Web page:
If there is anything to be learned from the terrorist hijacking of the TWA airliner and the subsequent imprisonment of 40 Americans in Beirut, it is that terrorism is likely to be the preferred form of warfare against the United States and that the United States is not sufficiently equipped to handle it.

Nuclear weapons and ships are useless against terrorists. The Reagan administration's great defense buildup has produced an arsenal that is totally inappropriate to the form of war that the country is facing.

"I'm as frustrated as anyone," President Reagan told the nation during a televised news conference immediately following the hijacking. "I've pounded a few walls myself when I'm alone about this. It is frustrating . . . . You have to be able to pinpoint the enemy. You can't just start shooting without having someone in your gunsights."

Reagan ruled out a generalized retaliation because, as he put it, "I would be sending a number of Americans to death if I did it."

Might may make right; but when terrorists seize American hostages, that's about all it does.

Last September, as part of the defense authorization for 1985, Congress approved $16 million for the establishment of a U.S. Peace Institute. Supporters hoped it would become a center for research and development in conflict-resolution techniques, and for the training of American and foreign leaders in mediation.

The institute would operate independently of the State Department but be available as a third party that could provide highly skilled mediators to assist in crises such as the current one.

The idea had been advocated for years by former senator Jennings Randolph (D-W.Va.), and Sen. Spark Matsunaga, (D-Hawaii), who introduced legislation to create the institute when he arrived in Congress in 1963.

It took more than 20 years of extensive citizen lobbying by the Peace Academy Campaign before legislation establishing the institute was passed. And when it was, much of the original concept was diluted to satisfy conservatives who feared another bureaucracy -- and a left-wing one at that. Funds to build a central facility were deleted, the institute was stripped of the ability to grant degrees and a fourth of its funds were earmarked for existing graduate programs in peace studies.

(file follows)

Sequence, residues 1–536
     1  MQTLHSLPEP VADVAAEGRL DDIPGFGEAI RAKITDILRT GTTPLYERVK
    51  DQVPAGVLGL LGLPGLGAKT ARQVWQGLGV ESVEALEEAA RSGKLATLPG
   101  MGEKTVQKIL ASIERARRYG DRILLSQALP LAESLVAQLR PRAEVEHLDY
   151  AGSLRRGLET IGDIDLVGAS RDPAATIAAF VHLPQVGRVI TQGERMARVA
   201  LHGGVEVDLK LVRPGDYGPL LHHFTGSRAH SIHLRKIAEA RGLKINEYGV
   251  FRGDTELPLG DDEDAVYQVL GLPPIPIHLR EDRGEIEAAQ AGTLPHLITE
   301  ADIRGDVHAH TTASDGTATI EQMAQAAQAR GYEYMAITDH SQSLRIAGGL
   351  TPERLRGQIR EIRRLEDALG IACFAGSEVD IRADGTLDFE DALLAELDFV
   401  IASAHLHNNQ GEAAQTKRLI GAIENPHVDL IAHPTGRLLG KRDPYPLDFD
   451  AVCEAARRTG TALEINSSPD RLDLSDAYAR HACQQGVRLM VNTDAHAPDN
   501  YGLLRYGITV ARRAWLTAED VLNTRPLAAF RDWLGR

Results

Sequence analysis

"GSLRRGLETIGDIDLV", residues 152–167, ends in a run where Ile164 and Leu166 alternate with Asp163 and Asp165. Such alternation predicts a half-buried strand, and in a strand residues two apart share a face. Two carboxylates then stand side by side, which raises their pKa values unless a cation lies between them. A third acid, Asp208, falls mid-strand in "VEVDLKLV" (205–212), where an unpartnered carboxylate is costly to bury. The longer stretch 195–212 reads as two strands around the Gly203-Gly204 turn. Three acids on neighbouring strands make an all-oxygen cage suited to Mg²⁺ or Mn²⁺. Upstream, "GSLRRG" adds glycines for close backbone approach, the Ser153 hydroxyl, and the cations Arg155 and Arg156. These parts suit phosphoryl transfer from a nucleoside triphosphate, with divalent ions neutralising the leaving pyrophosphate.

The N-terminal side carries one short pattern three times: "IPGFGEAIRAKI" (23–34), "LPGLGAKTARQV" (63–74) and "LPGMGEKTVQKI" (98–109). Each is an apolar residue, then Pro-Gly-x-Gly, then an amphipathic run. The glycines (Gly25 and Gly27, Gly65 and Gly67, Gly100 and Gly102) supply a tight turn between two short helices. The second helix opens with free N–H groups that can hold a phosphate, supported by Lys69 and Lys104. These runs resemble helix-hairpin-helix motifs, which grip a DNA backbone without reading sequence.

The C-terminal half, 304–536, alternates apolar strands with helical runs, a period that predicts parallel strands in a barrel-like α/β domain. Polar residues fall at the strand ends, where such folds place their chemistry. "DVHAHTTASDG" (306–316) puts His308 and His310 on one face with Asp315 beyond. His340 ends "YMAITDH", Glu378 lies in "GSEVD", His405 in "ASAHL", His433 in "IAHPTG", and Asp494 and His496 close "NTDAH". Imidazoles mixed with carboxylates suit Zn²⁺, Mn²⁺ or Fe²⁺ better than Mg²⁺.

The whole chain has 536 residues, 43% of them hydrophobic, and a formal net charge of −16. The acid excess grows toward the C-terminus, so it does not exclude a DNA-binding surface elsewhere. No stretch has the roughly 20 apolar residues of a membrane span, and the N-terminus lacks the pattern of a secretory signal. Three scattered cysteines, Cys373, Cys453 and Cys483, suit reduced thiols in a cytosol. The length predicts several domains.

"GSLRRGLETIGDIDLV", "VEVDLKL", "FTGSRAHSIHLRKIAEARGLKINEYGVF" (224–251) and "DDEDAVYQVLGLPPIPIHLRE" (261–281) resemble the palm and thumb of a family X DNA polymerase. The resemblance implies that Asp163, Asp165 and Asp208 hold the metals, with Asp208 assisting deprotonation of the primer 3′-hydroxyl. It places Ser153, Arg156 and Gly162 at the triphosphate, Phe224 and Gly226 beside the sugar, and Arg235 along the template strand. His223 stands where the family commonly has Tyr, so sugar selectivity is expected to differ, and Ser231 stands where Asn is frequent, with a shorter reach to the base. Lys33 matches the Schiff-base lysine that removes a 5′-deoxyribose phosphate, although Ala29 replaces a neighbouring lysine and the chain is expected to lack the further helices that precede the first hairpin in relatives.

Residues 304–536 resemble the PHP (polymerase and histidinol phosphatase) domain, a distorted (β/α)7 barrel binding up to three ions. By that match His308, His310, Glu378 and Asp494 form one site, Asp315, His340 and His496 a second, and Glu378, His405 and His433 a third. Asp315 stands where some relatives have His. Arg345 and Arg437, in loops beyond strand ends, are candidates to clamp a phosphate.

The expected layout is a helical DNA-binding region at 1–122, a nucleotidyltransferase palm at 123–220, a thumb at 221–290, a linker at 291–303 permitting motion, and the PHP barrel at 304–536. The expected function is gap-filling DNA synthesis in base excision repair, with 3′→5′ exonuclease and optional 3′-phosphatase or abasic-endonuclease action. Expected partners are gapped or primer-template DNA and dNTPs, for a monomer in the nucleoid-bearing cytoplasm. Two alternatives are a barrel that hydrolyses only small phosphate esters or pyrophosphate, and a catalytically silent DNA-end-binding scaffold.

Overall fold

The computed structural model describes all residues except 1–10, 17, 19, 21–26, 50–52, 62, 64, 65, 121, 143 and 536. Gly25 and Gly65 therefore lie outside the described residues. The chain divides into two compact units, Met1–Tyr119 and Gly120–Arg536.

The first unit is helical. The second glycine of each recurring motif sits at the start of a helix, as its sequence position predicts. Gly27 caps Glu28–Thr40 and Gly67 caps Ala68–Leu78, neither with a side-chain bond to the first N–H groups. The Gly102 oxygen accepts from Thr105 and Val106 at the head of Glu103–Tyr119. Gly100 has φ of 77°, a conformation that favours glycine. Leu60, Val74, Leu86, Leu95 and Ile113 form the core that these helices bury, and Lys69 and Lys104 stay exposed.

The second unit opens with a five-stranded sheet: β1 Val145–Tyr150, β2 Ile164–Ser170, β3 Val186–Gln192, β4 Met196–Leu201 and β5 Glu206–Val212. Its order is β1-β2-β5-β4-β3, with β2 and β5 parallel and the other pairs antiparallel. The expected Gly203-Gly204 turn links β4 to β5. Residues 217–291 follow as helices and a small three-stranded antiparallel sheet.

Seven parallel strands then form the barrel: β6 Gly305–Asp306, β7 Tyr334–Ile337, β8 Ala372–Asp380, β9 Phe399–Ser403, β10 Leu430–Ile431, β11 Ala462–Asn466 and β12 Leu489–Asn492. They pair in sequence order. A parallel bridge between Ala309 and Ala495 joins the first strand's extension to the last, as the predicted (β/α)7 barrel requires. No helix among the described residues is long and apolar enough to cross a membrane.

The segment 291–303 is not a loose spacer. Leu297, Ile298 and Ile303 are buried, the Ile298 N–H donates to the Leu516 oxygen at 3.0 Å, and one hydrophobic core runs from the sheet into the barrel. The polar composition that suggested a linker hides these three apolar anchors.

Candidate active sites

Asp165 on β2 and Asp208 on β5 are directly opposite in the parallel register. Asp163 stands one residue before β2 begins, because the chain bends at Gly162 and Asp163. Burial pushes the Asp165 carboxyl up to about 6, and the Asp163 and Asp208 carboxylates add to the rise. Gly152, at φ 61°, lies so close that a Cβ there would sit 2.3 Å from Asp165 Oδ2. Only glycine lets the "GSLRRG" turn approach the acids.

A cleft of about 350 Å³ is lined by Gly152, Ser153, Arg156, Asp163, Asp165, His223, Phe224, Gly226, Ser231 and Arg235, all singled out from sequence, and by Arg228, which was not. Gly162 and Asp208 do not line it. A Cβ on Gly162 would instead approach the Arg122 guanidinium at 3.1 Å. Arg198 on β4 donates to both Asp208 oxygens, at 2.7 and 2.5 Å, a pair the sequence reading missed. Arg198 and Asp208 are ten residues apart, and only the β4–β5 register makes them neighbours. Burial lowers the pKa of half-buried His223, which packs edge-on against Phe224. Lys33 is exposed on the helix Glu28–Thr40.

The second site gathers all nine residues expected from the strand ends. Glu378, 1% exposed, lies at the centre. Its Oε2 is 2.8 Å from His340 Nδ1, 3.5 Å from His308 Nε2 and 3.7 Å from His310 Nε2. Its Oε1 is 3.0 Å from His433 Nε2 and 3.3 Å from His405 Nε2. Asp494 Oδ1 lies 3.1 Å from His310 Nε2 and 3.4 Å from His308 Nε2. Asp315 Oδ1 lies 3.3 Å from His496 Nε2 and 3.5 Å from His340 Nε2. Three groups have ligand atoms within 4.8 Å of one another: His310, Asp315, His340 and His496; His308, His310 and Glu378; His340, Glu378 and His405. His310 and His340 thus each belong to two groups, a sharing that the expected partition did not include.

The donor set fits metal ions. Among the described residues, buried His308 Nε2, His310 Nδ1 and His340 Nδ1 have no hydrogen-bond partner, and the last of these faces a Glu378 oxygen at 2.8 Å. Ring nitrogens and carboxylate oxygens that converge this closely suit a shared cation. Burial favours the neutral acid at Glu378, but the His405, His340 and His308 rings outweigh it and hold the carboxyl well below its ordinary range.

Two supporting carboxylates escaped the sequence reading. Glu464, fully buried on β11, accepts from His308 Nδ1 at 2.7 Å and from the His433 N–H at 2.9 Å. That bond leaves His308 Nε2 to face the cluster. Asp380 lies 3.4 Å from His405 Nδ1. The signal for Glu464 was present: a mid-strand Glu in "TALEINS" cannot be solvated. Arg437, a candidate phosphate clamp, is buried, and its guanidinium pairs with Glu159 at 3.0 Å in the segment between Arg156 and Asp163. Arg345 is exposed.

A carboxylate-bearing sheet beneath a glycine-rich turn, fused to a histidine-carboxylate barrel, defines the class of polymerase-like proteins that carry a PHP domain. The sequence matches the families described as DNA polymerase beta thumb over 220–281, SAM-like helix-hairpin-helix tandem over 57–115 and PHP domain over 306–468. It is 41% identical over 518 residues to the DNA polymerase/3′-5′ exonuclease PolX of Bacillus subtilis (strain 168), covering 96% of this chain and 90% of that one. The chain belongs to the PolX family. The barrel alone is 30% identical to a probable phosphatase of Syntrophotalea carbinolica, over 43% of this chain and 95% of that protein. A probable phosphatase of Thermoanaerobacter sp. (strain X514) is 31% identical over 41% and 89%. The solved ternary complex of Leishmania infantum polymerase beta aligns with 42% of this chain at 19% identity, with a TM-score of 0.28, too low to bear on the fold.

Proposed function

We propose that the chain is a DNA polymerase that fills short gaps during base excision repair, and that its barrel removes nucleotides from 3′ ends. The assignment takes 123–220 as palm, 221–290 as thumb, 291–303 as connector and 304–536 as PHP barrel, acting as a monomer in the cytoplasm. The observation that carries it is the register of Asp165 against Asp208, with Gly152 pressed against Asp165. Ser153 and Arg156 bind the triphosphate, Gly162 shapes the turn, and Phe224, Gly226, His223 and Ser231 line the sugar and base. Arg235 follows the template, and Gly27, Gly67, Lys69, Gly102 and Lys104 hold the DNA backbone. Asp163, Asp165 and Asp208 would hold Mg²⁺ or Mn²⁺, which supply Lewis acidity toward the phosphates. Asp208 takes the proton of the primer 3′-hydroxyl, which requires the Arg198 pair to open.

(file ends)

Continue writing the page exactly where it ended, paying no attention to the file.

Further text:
A 15-member board of directors was established, no more than eight of whom can be from the same political party. The board includes four ex-officio members, including the secretaries of state and defense, and 11 people who were to be nominated by the president by April 20. The administration has yet to send any nominees to the Senate. Instead, it has circulated a list of amendments to members of Congress for changes it wants in the way the institute is run.

Rep. Dan Glickman (D-Kan.), the chief House sponsor of the institute, says the purpose of the amendments is "to give the administration much more control over the day-to-day operations of the Peace Institute."

"For the most part, they're unacceptable," he said. "I and others might work in good faith if they sent the list of nominees down. They're in real violation of the law now."

Without the board, there is no recipient for the $4 million that has been appropriated for the institute so far. The administration, which has never backed the concept of a peace institute, has by inaction kept it from coming into existence.

"One of its purposes," says Glickman, "is to train diplomats as well as people in the private sector on the causes of conflict. I can't help but believe the institute would have done a better job in training people . . . . The past few years have shown we know very little about the Lebanese government, its people, who the Shiites are. We have no more resources to deal with this problem than 20, 30 or 40 years ago.

"The ships off shore are impotent. For a while, we didn't even know who we were dealing with. [The institute] would be a reservoir of different conflict-resolution techniques, in a nonpartisan, nonideological sense, a resource base where our government and others could have gone and drawn on the skills of people. Right now, we are passively sitting by and letting Mr. Nabih Berri the Moslem leader control the agenda. We're sitting by and flexing muscle."

Trained, experienced negotiators with expertise in the Arab world, he said, could have provided a middle ground between sitting passively by and a show of military force.

A superpower would have been a bit less helpless -- and appeared less helpless -- and the president might not have been pounding the walls.